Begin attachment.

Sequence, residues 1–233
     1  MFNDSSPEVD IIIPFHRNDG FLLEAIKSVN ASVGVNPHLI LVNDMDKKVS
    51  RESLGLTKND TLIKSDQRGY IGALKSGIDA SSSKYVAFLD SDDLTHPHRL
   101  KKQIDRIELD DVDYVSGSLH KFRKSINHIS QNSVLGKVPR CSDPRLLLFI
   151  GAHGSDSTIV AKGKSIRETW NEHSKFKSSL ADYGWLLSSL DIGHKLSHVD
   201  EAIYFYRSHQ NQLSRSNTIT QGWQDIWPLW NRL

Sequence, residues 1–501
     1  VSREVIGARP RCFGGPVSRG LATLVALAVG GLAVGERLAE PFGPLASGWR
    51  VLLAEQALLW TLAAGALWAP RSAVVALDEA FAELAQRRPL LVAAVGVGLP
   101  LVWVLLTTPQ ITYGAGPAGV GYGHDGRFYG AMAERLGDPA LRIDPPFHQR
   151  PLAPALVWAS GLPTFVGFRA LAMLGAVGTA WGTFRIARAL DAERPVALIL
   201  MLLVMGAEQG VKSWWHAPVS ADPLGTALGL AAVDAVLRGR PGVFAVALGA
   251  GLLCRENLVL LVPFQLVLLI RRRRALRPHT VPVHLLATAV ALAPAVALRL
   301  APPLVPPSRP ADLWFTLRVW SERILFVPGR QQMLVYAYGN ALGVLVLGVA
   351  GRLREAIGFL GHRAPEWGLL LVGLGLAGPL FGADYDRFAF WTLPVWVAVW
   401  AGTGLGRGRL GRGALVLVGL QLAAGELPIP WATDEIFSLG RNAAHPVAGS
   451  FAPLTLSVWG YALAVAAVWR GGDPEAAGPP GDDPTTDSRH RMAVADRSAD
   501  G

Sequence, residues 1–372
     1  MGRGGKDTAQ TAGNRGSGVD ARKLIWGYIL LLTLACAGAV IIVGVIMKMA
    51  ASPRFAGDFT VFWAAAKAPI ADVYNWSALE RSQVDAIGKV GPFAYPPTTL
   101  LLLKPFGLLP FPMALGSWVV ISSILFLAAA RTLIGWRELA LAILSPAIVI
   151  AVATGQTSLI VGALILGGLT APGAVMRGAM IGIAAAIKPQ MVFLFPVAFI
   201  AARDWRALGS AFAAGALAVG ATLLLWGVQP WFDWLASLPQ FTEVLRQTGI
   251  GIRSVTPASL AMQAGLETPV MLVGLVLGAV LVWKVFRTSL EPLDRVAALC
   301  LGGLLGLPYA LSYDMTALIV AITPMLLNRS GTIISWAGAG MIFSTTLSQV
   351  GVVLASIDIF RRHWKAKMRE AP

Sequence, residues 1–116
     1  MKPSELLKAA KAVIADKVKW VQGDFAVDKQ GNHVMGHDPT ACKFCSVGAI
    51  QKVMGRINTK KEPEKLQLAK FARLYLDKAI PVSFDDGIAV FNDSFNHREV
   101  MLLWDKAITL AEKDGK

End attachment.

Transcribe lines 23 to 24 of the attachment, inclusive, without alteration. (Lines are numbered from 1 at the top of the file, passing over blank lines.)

   151  AVATGQTSLI VGALILGGLT APGAVMRGAM IGIAAAIKPQ MVFLFPVAFI
   201  AARDWRALGS AFAAGALAVG ATLLLWGVQP WFDWLASLPQ FTEVLRQTGI